Do you ever find that you bully yourself?
Many of us do. I know I’d never speak to someone else the way I speak to myself when I’m upset. Our clients often talk about how hard this is and that they are trying to be more positive. They’ve heard somewhere that changing how you think can change how you feel. This is true but it’s not the whole picture.
Mental garbage can take many shapes: being unkind to yourself, obsessing about something nonstop, hopeless or helpless thoughts like “this will never work” or “no one will want to x,y, or z”. At their worst these thoughts are downright abusive and dripping with shame.
Just like what you eat affects how you feel, so does what you think. After the holiday season a couple of months ago, I found myself feeling lethargic, grumpy, and out of sorts. After a couple of weeks of holiday parties, family get togethers, and being out of my normal routine, I hadn’t been eating as many vegetables or healthy proteins. I had been eating a ton of sweets, and my sleeping schedule was all off. We know that our bodies are fueled by what we put into them. Our minds are no different.
It’s not quite as simple as you are what you eat, or in this case, you are what you think. There is a chain of events, a domino effect, that occurs. Thoughts are one link of the chain and can be a big sticking point for many of us but the other links of the chain can also be challenging areas.
At Virago Wellness, a therapy practice providing counseling for women in Portland Maine, we help women identify the weak links and find solutions to change them.
Here’s a birds eye view:
This concept is rooted in an evidenced based therapy called Cognitive Behavior Therapy. Cognitive Behavior Therapy or CBT, examines the connection between how we think and how we feel and act. As therapists who specialize in trauma, at Virago Wellness we also examine how your past experiences can impact this process. Even if you haven’t suffered “major trauma” you may have painful past experiences that are creating ripple effects for you now.
For example, a woman who is getting ready to go on a date and might find herself thinking “What a cow! Who would want to date me like this? I need to lose 10 pounds. This is pointless, I should just stay home.” I bet she feels awful. In this case the trigger, the spark that sets the whole domino chain of events into motion, is the date. The thought process boils down to a belief rooted in shame: “I’m not good enough”. She may also have had past experiences of rejection and heartache in her romantic life that lead her to feeling nervous, sad, ashamed, and insecure. She’s not going to feel very confident or desirable on that date.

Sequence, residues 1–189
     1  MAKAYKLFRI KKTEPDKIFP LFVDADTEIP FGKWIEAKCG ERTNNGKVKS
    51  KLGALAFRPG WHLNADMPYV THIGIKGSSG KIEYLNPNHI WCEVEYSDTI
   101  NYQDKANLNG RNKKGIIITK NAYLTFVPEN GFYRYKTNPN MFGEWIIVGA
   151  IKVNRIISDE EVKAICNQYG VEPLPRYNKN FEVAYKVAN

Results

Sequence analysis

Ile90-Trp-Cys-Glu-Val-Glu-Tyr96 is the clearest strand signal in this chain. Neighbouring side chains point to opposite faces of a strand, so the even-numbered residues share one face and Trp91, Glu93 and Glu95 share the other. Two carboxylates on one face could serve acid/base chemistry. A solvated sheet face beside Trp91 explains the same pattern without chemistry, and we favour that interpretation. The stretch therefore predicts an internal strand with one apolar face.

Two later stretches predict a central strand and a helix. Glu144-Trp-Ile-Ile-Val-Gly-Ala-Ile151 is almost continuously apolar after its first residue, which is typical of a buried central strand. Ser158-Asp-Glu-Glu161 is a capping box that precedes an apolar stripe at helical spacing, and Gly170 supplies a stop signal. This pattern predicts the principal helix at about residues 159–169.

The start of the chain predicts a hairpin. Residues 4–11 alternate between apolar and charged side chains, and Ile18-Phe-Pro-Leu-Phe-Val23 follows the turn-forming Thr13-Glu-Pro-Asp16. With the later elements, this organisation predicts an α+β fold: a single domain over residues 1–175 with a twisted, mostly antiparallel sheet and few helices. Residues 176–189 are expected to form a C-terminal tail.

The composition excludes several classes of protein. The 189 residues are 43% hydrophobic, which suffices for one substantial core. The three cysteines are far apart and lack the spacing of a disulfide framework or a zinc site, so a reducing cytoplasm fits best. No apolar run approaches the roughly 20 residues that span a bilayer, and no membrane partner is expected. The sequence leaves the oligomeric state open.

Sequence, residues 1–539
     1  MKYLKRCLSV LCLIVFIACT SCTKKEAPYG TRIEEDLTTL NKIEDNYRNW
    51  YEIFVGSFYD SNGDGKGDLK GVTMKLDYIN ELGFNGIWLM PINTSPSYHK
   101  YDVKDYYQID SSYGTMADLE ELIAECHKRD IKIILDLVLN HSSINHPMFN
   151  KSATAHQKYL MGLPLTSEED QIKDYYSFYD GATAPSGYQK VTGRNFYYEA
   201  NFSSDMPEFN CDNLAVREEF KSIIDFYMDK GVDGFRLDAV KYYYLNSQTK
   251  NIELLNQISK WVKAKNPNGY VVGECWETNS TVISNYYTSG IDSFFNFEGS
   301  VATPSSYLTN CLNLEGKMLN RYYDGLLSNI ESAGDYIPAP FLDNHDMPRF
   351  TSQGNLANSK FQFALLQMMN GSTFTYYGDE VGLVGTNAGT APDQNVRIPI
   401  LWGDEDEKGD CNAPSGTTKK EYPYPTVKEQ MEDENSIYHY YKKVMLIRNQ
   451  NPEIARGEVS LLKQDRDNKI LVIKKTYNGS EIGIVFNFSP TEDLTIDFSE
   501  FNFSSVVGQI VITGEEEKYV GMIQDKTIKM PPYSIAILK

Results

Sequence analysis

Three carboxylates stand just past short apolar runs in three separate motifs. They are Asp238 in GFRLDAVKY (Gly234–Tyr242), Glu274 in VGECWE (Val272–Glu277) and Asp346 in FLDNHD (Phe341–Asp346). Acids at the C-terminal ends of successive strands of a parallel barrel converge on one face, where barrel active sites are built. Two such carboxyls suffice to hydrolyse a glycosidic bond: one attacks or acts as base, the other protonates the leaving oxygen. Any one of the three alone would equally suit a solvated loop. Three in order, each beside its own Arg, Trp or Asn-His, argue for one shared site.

How to tell if your thoughts are part of the problem
Her emotions are driving and it’s a runaway train.
If she took care of those past experiences (healed from those old emotional wounds), changed how she talked to herself and what she believed about her worthiness, she may have a much different experience. It’s not as simple as thinking positively. It has to feel real. Focus on what’s real and true, not B.S. sunshine and rainbows.
A woman who finds an outfit she feels great in, thinks to herself “Yes maybe I could take a little better care of myself but I have a lot to offer someone, I’d make an amazing partner. I hope this works out” is going to feel way different.
In some cases it’s the trigger that is the problem and can be addressed. I’ll never forget hearing the story of a woman who was sexually assaulted at a gas station. Her husband was a mechanic and whenever he came home she’d be irritable, irrational, and then felt awful because she didn’t feel happy to see her husband. Until she identified the connection to him smelling like gas due to his work and her assault, she couldn’t differentiate the trigger of the smell of gas and the painful memories from her husband. Now, he jumps right in the shower after work and then he greets her. She’s so much happier and the rest of the links of the chain are now irrelevant.
Other times it’s the emotion or the action that are the problem points. When we can’t control the trigger and out thought processes are not the problem, for example a situation where it’s completely understandable to be upset, a break up, job loss, loss of a pet, the only thing we can do is take care of how we feel and control how we react.
This can be especially challenging if you were never taught what to do with painful and overwhelming emotions. You can read more about the purpose of emotions and why we have them here.
If you get your heart set on something and it doesn’t happen, disappointment would be appropriate. But do you have a way to take care of that disappointment, to let yourself feel it? If it comes out sideways and you find yourself snapping at loved ones or being impatient with people in the grocery store, it’s time to work on what to do with those emotions. Here’s a past blog post that talks more about what to do with big painful feelings.
Therapy can be a wonderful resource to examine where you get stuck in these chain of events. Working with the right therapist can help you see where the sticking points are and figure out what to do about them. If you are interested in working with one of our therapists at Virago Wellness, call (207) 558-5539 for a free phone consultation or schedule a consultation online here.